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Steganographic secret sharing via AI-generated photorealistic images

Abstract

Steganographic secret sharing is an access control technique that transforms a secret message into multiple shares in a steganographic sense. Each share is in a human-readable format in order to dispel suspicion from a malicious party during transmission and storage. Such a human-readable format can also serve to facilitate data management. The secret can be reconstructed only when a sufficient number of authorized shareholders collaborate. In this study, we use neural networks to encode secret shares into photorealistic image shares. This approach is conceptually related to coverless image steganography in which the data are transformed directly into an image rather than concealed into a cover image. We further implement an authentication mechanism to verify the integrity of the image shares presented in the decoding phase. All coverless image steganography schemes can be used to achieve steganographic secret sharing, but our detection mechanism can further improve the robustness of these schemes. Experimental results confirm the robustness of the proposed scheme against various steganalysis and tampering attacks.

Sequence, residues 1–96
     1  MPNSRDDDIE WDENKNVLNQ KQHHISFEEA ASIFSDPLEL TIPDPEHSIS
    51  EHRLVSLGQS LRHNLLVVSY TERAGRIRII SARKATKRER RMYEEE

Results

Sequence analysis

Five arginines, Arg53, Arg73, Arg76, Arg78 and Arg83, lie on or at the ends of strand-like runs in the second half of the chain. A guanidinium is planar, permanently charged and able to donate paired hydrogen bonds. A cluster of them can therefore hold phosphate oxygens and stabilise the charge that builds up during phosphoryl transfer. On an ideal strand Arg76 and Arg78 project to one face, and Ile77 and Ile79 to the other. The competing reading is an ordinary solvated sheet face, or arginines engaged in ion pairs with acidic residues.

Introduction

With the rapid development of the Internet, communication via social media has become a regular activity in our daily life. Network security, as well as data protection, has become a major concern. A lot of research reports on information security have been published. Access control is an essential technology in data security that enables the authenticated user to access the secret message and keeps the inappropriate user out. As a common technique of access control, the concept of (k, n)-secret sharing was first proposed in 1979 by Shamir [1] and Blakley [2]. Their scheme distributes secret information into \(n\) shares and deals them to \(n\) participants. When recovering the secret information, any \(k (k < n)\) participants can reconstruct the complete secret message by combining their shares. This concept has been applied to the secure transmission of secret information on the Internet. Since then, many scholars have intensively studied this area [3, 4] and proposed visual secret sharing, authenticable secret sharing, and so on.